In 1989, the fall of the Berlin Wall paved the way for German reunification and a new Europe. The demolition of this barrier ushered in new liberties for millions of people and sent images of joyous celebration beaming around the world.
Today another barrier is falling, and its long term impact may be just as profound – though this time it’s not a physical wall and it won’t make global headlines. The barrier that is tumbling today is the one between those who construct the media and those who consume it. This demolition is also bringing new liberties. Hitherto ignored voices are being heard, content shares are helping to define the lead story and news gathering is being improved with crowd-sourced material.
At the end of the 80s, the individuals that narrated what was happening were mainly authority figures. Media owners, editors and news reporters selected the news content that millions of newspaper readers and television viewers should consume. News content was created by trained reporters using established procedures to compile their story and edit out what the media class regarded as unimportant.
If the Berlin wall was to fall today, the news reports might look rather different. Firstly, the story would break on social media. Next, agile bloggers and smartphone users would popularise the content of most interest to ordinary people through shares and Likes. The central narrators would be a more colourful mix of viral everymen and established news personalities. News content would be less about set piece story packages and more about first hand video scenes.
This fundamental shift of power, and what it means to the creative industry, was the central theme of a Social Media Week event hosted by Ketchum London on Tuesday 24 September. Specifically the session looked at how creativity is becoming intertwined with co-creation from campaign initiation to execution and evaluation. The key points were:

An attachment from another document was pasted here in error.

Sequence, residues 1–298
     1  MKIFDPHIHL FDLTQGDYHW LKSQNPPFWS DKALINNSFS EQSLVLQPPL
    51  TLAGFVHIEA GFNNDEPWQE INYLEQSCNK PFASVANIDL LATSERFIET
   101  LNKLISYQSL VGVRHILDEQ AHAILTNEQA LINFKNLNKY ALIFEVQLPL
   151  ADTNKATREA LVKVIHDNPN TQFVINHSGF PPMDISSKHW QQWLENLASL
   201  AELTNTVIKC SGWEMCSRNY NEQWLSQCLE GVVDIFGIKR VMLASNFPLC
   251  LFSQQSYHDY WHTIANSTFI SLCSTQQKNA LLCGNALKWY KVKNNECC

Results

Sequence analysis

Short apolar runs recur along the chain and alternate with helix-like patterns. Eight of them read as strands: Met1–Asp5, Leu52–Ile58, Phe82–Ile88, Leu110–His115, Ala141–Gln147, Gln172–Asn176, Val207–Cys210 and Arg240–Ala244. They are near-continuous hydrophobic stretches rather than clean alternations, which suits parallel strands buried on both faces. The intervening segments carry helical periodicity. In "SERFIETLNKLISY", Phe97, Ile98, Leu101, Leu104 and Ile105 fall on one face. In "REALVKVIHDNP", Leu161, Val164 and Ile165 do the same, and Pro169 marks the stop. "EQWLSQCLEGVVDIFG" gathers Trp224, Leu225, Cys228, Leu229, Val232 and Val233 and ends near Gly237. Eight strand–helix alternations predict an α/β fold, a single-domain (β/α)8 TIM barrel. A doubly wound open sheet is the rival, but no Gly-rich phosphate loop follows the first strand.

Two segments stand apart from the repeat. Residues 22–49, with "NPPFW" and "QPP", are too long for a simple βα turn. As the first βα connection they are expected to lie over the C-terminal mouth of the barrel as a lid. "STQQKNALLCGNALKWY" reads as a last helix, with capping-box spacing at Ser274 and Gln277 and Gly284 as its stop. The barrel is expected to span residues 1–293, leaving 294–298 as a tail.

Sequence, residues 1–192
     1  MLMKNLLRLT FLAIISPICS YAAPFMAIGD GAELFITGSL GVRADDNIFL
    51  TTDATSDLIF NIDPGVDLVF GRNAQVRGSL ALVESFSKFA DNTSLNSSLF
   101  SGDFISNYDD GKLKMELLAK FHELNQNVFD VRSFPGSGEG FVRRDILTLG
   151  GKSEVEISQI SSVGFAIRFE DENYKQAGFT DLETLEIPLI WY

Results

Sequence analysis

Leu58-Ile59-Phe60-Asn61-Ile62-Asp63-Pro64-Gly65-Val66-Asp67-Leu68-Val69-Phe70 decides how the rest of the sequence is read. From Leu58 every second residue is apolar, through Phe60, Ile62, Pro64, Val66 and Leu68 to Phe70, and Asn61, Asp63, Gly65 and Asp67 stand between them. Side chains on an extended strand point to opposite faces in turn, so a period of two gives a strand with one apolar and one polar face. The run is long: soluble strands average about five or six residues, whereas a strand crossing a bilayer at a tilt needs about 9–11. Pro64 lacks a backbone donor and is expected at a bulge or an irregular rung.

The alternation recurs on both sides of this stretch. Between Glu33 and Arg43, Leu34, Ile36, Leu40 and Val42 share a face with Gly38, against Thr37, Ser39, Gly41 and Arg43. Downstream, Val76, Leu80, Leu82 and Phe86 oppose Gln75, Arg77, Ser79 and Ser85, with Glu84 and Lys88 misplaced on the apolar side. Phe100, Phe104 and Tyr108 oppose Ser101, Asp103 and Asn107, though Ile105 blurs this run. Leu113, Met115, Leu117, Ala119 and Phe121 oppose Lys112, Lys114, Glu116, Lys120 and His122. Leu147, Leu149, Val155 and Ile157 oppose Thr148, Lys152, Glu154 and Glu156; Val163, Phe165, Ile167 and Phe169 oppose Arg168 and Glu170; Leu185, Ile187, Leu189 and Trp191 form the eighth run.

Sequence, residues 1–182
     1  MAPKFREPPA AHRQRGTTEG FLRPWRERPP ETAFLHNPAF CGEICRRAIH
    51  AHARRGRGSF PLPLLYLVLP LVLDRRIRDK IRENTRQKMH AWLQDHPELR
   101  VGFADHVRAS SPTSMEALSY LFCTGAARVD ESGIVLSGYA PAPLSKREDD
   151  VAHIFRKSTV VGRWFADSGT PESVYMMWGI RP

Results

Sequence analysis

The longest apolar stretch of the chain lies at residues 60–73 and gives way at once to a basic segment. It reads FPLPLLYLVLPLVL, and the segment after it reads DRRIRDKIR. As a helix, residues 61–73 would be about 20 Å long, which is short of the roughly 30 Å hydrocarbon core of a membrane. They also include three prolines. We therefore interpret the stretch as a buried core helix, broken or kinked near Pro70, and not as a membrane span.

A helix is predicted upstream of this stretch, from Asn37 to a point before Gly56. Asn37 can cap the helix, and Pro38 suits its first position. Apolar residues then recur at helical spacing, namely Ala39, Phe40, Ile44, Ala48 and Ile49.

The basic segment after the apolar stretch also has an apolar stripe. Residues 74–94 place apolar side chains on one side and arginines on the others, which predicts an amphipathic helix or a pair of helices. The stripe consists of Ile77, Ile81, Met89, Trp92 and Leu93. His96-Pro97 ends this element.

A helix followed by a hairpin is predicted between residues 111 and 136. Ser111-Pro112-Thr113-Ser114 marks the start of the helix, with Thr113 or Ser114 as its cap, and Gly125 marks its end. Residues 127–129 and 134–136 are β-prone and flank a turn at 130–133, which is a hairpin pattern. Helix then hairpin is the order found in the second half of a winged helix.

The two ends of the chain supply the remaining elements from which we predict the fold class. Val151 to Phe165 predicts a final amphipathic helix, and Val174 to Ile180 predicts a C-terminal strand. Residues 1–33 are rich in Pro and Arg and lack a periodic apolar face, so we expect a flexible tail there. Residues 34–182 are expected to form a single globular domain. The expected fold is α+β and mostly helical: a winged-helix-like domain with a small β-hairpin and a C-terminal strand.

- Start with a great concept by knowing the adjacent possible – Amazing creativity is often as simple as seeing how something in one walk of your life can in some way illuminate another totally unconnected issue. In real terms, this is a very good reason to read, watch and expose yourself to as wide a variety of experiences as possible.
- Be bold and be brave – Consciously make a decision on whether you want to work with others. Could a craft specialist help? What about a pop icon, expert witness or your user community? Build something entirely from crowd sourced content or go it alone. But do it deliberately. Think in images and video, not words and A4.
- Create a bow wave of interest – When you are ready to launch, time your paid-for media so that it sets off a surge of sharing. Know the difference between visibility promotion and share promotion. Take characters from your creative and give them a voice on social. Release your teaser. Relay an exclusive to your followers. Make a splash.
- Use the right channels – Facebook and Twitter are no brainers. Google+ helps optimise organic search. Tools can help you identify your influencers, and who they are influencing. Consider the growing dominance of mobile content and how YouTube is the second biggest search engine. Make online or offline content work together.
- Power your evangelists – Go social local mobile, let people interact and create more content, encourage parody versions, create games, use outdoor advertising and have calls to action. Consider how people are relying less on traditional search engines to find content as they scan streams of information from people they trust.
- Leave no dead ends – Tomorrow’s campaigns will take every opportunity, at every stage, to get people involved. Soon we’ll be seeing more #hashtags at the beginning of films, adverts and newspaper columns. There will be more exclusive content for loyal fans, points reward systems for social interactions, Twitter reviews in print adverts and audience opinion in video. Always make sure that the content your share circles back to your brand.
Here’s the deck from our Creativity in the Age of Social Media presentation too.